Fig. 3

Distributions of the Optimal Observable for the \(\tau _{\mathrm {lep}}\tau _{\mathrm {lep}}\) channel in the a top-quark control region (CR), b\(Z\rightarrow \ell \ell \) CR, and c low-BDT\(_{\text {score}}\) CR. The CR definitions are given in the text. These figures use background predictions before the global fit defined in Sect. 7. The “Other” backgrounds include diboson and \(Z\rightarrow \ell \ell \). Only statistical uncertainties are shown

Fig. 4

Distributions of the Optimal Observable for the \(\tau _{\mathrm {lep}}\tau _{\mathrm {had}}\) channel in the a top-quark control region (CR) and b low-BDT\(_{\text {score}}\) CR. The CR definitions are given in the text. These figures use background predictions before the global fit defined in Sect. 7. The “Other” backgrounds include diboson and \(Z\rightarrow \ell \ell \). Only statistical uncertainties are shown

The effect of systematic uncertainties on the yields in signal region and on the shape of the Optimal Observable is evaluated following the procedures and prescriptions described in Ref. [20]. An additional theoretical uncertainty in the shape of the Optimal Observable is included to account for the signal reweighting procedure described in Sect. 5. This is obtained from the small difference between the Optimal Observable distribution in reweighted samples, compared to samples with anomalous couplings directly generated with MadGraph5_aMC@NLO. While the analysis is statistically limited, the most important systematic uncertainties are found to arise from effects on the jet, hadronically decaying \(\tau \) and electron energy scales; the most important theoretical uncertainty is due to the description of the underlying event and parton shower in the VBF signal sample.

7 Fitting procedure

The best estimate of \(\tilde{d}\) is obtained using a maximum-likelihood fit performed on the Optimal Observable distribution in the signal region for each decay channel simultaneously, with information from different control regions included to constrain background normalisations and nuisance parameters. The normalisation of the VBF \(H\rightarrow \tau \tau \) and \(H\rightarrow WW\) signal sample is left free in the fit, i.e. this analysis only exploits the shape of the Optimal Observable and does not depend on any possibly model-dependent information about the cross section of CP-mixing scenarios. The relative proportion of the two Higgs boson decay modes is assumed to be as in the SM. All other Higgs boson production modes are treated as background in this study and normalised to their SM expectation, accounting for the corresponding theoretical uncertainties.

A binned likelihood function \(\mathcal {L}(\mathbf {x}; \mu , \varvec{\theta })\) is employed, which is a function of the data \(\mathbf {x}\), the free-floating signal strength \(\mu \), defined as the ratio of the measured cross section times branching ratio to the Standard Model prediction, and further nuisance parameters \(\varvec{\theta }\). It relies on an underlying model of signal plus background, and it is defined as the product of Poisson probability terms for each bin in the distribution of the Optimal Observable. A set of signal templates corresponding to different values of the CP-mixing parameter \(\tilde{d}\) is created by reweighting the SM VBF \(H\rightarrow \tau \tau \) and \(H\rightarrow WW\) signal samples, as described in Sect. 5. The likelihood function is then evaluated for each \(\tilde{d}\) hypothesis using the corresponding signal template, while keeping the same background model. The calculation profiles the nuisance parameters to the best-fit values \(\hat{\varvec{\theta }}\), including information about systematic uncertainties and normalisation factors, both of which affect the expected numbers of signal and background events.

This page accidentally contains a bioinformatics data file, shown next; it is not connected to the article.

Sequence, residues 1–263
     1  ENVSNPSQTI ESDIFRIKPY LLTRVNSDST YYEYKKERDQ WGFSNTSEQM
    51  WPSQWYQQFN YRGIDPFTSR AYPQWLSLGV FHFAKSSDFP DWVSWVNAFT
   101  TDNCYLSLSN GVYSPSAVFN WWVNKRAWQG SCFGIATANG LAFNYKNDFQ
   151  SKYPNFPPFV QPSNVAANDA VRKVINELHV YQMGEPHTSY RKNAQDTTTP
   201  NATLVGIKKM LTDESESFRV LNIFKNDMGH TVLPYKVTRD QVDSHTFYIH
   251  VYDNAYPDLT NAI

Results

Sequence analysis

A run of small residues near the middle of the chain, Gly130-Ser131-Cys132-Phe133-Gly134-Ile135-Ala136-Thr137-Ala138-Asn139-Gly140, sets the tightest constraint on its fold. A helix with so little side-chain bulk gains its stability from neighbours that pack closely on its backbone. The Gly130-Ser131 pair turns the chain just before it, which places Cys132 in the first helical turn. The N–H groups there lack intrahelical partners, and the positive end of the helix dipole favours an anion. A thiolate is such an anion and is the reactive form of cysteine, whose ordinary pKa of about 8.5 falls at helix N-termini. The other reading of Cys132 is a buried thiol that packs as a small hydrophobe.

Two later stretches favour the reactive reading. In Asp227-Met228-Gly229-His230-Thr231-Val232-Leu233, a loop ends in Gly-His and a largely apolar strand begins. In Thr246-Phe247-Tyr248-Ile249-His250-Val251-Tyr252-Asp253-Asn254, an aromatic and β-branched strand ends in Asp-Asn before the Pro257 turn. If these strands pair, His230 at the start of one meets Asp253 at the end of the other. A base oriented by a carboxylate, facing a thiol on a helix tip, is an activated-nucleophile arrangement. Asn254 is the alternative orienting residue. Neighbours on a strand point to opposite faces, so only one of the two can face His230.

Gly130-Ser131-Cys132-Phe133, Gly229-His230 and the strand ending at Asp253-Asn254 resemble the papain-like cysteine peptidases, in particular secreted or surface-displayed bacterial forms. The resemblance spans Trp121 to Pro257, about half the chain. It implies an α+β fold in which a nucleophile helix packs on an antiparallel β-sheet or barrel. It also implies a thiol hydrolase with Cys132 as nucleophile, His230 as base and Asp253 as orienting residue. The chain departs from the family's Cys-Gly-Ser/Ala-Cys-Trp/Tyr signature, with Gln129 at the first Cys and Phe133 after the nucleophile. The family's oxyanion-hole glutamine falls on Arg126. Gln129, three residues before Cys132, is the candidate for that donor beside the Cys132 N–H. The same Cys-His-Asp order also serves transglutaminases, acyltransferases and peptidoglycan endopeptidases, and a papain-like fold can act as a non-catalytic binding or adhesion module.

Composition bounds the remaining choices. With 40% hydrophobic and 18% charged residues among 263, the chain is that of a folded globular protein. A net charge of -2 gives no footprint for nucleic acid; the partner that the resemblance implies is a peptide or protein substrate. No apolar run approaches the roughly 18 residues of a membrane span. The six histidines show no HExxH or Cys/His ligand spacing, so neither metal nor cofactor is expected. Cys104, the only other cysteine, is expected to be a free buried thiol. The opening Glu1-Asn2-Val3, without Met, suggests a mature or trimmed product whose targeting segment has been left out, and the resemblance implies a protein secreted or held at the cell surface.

After constructing the negative log-likelihood (NLL) curve by calculating the NLL value for each \(\tilde{d}\) hypothesis, the approximate central confidence interval at 68% confidence level (CL) is determined from the best estimator \(\hat{\tilde{d}}\), at which the NLL curve has its minimum value, by reading off the points at which \(\Delta \)NLL=NLL−NLL\(_{\text {min}} = 0.5\). The expected sensitivity is determined using an Asimov dataset, i.e. a pseudo-data distribution equal to the signal-plus-background expectation for given values of \(\tilde{d}\) and the parameters of the fit, in particular the signal strength \(\mu \), and not including statistical fluctuations [93].